And the Raven, never flitting, still is sitting, still is sitting
On the pallid bust of Pallas just above my chamber door;
And his eyes have all the seeming of a demon’s that is dreaming
And the lamp-light o’er him streaming throws his shadows on the floor;
And my soul from out that shadow that lies floating on the floor
Shall be lifted–nevermore!
The Decadents didn’t do Christmas. In fact, Christmas is pretty much the antithesis of everything the movement stood for. Nevertheless, I feel under a certain amount of pressure to acknowledge the season in some way or another, so I thought I would hark back to that terribly nineteenth-century Christmas tradition – the ghost story. I therefore bring you my top ten list of supernatural short fiction to come from the Decadent movement, in no particular order, with links to the full text where possible.
1. Edgar Allan Poe – The Fall of the House of Usher
I found it hard to narrow things down to just one Poe story, but I finally decided on this one. It is the tale of a man summoned to the home of his childhood friend, Roderick Usher, holed up from the rest of the world in his dismal, decaying house, along with his ailing sister Madeline. Poe clearly had a thing for women dying long, drawn-out deaths from unknown causes, as the motif appears quite often in his fiction. That, and being buried alive. Roderick’s sickness of the mind and morbid fascination with death betray him as a Decadent hero as far as I am concerned. I have a special place in my heart for The Fall of the House of Usher, as it was the first piece of fiction that really got me hooked on morbid literature, which would eventually lead me to Decadence. When I was little I used to wrap myself up in a bedsheet and wander around the house pretending to be Madeline Usher. Which may explain why I didn’t have any friends…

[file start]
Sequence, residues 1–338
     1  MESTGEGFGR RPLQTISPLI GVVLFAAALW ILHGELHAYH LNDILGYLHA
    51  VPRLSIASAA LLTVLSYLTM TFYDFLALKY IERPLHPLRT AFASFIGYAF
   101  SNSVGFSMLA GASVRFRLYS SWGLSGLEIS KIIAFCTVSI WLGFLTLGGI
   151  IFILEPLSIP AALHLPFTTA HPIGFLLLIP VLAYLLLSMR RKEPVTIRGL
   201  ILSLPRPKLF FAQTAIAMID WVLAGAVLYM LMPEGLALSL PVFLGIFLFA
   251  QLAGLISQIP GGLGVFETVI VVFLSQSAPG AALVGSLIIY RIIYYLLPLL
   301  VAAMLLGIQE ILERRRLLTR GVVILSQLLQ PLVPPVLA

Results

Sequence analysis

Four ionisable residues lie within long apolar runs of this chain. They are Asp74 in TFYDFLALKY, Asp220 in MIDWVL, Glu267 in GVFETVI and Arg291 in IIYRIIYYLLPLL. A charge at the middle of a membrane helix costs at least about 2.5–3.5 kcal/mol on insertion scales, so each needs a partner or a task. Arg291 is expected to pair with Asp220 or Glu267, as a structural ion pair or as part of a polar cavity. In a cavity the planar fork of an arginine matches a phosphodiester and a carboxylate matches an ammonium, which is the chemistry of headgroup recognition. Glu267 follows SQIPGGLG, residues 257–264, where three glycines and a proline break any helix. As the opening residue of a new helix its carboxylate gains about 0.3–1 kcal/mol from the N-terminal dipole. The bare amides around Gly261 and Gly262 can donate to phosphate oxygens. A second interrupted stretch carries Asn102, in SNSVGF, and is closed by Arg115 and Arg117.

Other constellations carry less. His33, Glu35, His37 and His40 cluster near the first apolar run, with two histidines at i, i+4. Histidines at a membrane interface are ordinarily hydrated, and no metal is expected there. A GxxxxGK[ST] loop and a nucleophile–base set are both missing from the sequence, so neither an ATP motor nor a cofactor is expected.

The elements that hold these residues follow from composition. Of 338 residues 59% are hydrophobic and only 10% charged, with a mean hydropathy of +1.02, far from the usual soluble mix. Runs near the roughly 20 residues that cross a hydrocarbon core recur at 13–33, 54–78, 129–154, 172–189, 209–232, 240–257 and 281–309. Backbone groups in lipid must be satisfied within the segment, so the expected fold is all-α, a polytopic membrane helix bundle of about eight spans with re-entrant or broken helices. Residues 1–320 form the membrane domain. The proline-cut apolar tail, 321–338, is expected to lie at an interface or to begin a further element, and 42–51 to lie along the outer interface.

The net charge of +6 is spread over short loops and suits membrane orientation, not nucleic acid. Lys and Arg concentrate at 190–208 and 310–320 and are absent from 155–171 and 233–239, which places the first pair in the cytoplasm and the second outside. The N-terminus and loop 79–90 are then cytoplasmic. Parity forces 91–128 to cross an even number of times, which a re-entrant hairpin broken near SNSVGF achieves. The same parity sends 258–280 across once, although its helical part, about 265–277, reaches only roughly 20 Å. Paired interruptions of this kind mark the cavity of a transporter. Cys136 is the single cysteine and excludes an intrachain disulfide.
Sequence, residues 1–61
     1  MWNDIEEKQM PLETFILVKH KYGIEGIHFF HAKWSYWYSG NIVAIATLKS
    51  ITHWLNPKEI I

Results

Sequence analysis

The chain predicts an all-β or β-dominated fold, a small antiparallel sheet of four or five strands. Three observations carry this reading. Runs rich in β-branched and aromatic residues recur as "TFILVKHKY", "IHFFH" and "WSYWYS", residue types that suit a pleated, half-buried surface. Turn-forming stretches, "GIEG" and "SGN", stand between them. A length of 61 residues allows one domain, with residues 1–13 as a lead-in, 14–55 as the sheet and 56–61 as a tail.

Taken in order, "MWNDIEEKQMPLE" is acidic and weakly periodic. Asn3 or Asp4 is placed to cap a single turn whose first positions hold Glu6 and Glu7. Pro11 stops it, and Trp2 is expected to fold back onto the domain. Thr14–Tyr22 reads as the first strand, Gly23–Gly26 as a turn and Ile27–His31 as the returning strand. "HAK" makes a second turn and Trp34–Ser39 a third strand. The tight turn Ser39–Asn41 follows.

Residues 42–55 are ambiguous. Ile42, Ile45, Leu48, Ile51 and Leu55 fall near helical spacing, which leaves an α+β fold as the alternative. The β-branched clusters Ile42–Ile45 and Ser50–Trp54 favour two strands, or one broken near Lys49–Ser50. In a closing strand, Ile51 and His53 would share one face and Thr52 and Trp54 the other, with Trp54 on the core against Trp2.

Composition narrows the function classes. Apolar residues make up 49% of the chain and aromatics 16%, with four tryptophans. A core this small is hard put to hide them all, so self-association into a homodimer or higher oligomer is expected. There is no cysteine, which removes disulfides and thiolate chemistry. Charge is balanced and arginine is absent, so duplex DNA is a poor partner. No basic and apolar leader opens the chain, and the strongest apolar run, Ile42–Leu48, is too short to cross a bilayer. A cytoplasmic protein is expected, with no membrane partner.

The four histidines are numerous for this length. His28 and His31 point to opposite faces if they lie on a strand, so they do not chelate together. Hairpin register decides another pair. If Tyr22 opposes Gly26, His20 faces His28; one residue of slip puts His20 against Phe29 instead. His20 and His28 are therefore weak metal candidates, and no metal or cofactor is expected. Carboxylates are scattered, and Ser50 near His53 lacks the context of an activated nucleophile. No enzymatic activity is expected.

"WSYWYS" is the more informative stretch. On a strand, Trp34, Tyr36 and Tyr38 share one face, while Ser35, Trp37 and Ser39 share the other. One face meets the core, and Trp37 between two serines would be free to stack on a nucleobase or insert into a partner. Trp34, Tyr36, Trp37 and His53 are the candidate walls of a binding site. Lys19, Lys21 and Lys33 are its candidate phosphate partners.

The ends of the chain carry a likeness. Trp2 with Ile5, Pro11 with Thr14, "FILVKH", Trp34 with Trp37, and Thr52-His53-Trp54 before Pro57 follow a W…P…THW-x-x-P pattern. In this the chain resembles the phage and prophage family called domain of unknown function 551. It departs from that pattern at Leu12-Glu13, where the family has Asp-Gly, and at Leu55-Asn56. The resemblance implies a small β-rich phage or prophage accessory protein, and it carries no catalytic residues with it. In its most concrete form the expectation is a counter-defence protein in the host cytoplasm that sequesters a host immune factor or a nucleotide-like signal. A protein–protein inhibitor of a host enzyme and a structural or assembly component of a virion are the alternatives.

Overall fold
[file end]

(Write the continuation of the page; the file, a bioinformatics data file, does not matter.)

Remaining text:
Arthur Machen has been pretty much neglected in recent years, which is a great pity as he really was one of the best occult writers of his generation. The Great God Pan is a tale which is disturbing precisely because nothing is ever fully revealed – and as all the best horror writers know, the imagination can conjure up things that are far worse than anything put down in print. Pagan religions appear quite often in Decadent art and literature, and Pan is especially popular, probably because of his connections with art and sexuality. Here he is shown as a demonic entity who terrorizes Victorian London through the means of a mysterious young woman born of a scientific experiment gone horribly wrong.
A classic femme fatale story about two men who fall prey to a seductive sorceress who dwells in a mysterious forest. It is a tale of sensuality triumphing over spirituality, of surreal dreams, and deadly beauty. There is also a strong subtext of venereal disease.
4. Remy de Gourmont – Pehor